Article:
Be available. It’s how you learn!
The nature of the creative advertising agency at which I work is that each strategist has a few accounts on which they work. To provide context for my readers, the team with which I work has two primary functions. First, we work on the strategic component of pitches to new clients. This includes everything from conducting sources of volume research and competitor analysis to developing positioning strategies. The second area of focus for the strategy team is essentially serving as in-house consultants for the companies who sign on for the agency’s strategy services. Therefore, the flow of work that my department receives is driven by the client unless we are pitching a new potential client.
As a business strategy intern, I do not necessarily have one account on which I work. Sure, work gets filtered to me, but early on I discovered that there can be quiet times. One piece of advice that I hear everywhere is that you need to make your presence felt. That way, once you’re gone, it is felt by all of those around you. The path to accomplishing this changes based on the environment in which you work. At my previous internship, I would frequently check in with my boss to see how I could make his life easier. He would then either assign me work or direct me to an overwhelmed section of the finance department. This differs from my current office which follows a more open office layout. Regardless of the approach, getting involved makes the experience all the more rewarding.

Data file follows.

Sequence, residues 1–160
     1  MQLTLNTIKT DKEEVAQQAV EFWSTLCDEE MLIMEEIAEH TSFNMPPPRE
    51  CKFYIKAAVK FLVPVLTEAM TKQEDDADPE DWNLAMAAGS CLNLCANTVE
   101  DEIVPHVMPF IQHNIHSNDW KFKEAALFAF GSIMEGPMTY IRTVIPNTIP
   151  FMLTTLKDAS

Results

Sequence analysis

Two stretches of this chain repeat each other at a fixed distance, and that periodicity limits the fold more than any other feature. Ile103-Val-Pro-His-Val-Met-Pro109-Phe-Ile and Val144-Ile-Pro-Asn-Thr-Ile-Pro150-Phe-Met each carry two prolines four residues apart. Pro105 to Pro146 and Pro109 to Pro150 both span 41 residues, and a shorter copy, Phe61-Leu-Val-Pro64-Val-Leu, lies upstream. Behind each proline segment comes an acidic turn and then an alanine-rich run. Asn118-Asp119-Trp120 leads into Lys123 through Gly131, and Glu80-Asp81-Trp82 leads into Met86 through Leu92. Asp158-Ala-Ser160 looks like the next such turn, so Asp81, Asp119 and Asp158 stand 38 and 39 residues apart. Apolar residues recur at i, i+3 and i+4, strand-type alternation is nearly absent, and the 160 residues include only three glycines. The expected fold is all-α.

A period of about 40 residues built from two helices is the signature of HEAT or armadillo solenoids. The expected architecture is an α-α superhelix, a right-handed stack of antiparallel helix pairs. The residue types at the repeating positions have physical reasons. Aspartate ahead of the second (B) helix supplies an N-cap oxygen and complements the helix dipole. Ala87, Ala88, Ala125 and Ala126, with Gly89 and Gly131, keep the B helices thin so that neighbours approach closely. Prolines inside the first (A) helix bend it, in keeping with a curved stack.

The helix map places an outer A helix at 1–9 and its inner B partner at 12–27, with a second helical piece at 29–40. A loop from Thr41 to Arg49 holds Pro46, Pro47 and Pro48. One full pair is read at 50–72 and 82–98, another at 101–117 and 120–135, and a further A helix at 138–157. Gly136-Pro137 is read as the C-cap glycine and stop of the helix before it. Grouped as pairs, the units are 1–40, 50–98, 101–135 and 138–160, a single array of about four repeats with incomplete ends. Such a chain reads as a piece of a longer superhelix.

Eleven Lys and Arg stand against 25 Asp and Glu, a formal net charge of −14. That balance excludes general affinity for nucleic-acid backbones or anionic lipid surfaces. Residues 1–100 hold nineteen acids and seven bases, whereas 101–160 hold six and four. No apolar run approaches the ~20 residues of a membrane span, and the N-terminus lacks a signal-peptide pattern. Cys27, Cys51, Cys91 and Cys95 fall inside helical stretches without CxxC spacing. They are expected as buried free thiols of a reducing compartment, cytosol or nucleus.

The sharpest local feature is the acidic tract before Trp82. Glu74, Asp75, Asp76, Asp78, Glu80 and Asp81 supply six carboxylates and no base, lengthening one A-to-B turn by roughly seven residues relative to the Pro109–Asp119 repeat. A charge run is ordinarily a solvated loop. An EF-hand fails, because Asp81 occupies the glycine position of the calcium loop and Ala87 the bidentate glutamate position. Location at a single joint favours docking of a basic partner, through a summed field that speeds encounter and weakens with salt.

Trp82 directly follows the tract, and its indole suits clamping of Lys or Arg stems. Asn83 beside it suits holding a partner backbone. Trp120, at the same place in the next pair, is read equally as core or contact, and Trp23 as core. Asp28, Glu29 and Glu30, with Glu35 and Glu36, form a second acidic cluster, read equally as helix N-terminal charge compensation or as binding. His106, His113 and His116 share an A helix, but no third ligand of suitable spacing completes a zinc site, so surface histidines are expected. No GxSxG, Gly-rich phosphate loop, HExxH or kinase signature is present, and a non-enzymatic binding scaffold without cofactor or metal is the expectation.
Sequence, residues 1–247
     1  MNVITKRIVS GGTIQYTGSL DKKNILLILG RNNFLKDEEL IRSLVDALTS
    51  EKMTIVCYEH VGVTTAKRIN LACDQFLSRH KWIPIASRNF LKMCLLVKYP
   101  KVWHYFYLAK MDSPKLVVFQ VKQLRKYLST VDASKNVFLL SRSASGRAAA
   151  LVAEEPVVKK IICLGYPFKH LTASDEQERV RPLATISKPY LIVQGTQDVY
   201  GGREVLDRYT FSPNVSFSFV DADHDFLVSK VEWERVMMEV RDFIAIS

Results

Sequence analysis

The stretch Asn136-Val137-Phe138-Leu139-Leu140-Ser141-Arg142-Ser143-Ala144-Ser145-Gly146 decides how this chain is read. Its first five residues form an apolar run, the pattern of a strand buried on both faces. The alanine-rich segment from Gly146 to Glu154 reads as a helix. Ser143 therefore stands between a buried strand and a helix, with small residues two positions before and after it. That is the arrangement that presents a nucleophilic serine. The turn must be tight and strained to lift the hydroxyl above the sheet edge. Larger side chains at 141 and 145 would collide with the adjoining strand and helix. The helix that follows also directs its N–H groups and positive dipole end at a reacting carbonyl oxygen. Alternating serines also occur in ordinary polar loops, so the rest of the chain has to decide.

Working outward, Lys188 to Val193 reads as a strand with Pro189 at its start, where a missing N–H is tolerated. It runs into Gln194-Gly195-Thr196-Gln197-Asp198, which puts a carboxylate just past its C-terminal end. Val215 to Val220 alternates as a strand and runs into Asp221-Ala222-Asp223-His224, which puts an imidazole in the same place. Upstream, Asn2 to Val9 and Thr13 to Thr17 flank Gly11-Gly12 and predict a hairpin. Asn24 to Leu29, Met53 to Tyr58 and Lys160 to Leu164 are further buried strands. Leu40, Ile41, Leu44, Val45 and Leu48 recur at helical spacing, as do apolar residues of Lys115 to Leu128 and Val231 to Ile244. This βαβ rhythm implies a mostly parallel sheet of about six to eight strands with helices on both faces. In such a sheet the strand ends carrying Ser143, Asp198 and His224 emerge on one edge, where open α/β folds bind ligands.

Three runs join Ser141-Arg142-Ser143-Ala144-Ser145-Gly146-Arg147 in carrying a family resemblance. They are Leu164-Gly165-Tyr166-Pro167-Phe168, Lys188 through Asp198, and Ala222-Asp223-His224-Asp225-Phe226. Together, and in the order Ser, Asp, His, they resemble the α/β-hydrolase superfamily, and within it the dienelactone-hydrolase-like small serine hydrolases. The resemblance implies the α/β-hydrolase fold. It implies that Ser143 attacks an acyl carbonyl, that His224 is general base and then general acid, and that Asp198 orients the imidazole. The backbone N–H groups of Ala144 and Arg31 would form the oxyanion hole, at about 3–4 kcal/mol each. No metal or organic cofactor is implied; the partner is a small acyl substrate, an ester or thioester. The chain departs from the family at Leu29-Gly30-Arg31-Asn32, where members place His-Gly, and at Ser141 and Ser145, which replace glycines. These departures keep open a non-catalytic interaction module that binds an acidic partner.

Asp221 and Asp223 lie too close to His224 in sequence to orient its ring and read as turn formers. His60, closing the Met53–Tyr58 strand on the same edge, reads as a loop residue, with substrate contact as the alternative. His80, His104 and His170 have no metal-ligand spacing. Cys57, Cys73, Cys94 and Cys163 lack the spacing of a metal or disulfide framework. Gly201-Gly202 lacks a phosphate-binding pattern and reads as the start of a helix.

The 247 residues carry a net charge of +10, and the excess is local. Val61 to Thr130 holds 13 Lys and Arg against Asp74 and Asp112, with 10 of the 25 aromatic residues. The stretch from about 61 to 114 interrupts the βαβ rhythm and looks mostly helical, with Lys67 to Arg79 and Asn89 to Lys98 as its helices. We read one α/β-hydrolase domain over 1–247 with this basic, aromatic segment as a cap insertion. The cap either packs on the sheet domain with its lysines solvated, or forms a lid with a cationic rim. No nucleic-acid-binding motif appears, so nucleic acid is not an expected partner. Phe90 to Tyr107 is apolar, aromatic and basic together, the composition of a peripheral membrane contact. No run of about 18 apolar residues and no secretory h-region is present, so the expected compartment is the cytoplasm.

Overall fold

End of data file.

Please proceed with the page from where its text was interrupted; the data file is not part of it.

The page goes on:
During my first quiet period at my internship this summer, I decided to make it a routine to go around to not only my supervisor, but also to all of those in the strategy department to ask if they needed any help. The overwhelming response was “Yes!”. One obvious conclusion which has been reinforced is that people are busy and genuinely appreciate help. Because of this not only was I able to work on more accounts, I also developed stronger professional relationships with my coworkers! I now find that my coworkers (outside of my direct supervisor) are more inclined to involve me in the accounts on which they are working. I believe that this practice, although small, is going to make all the difference this summer.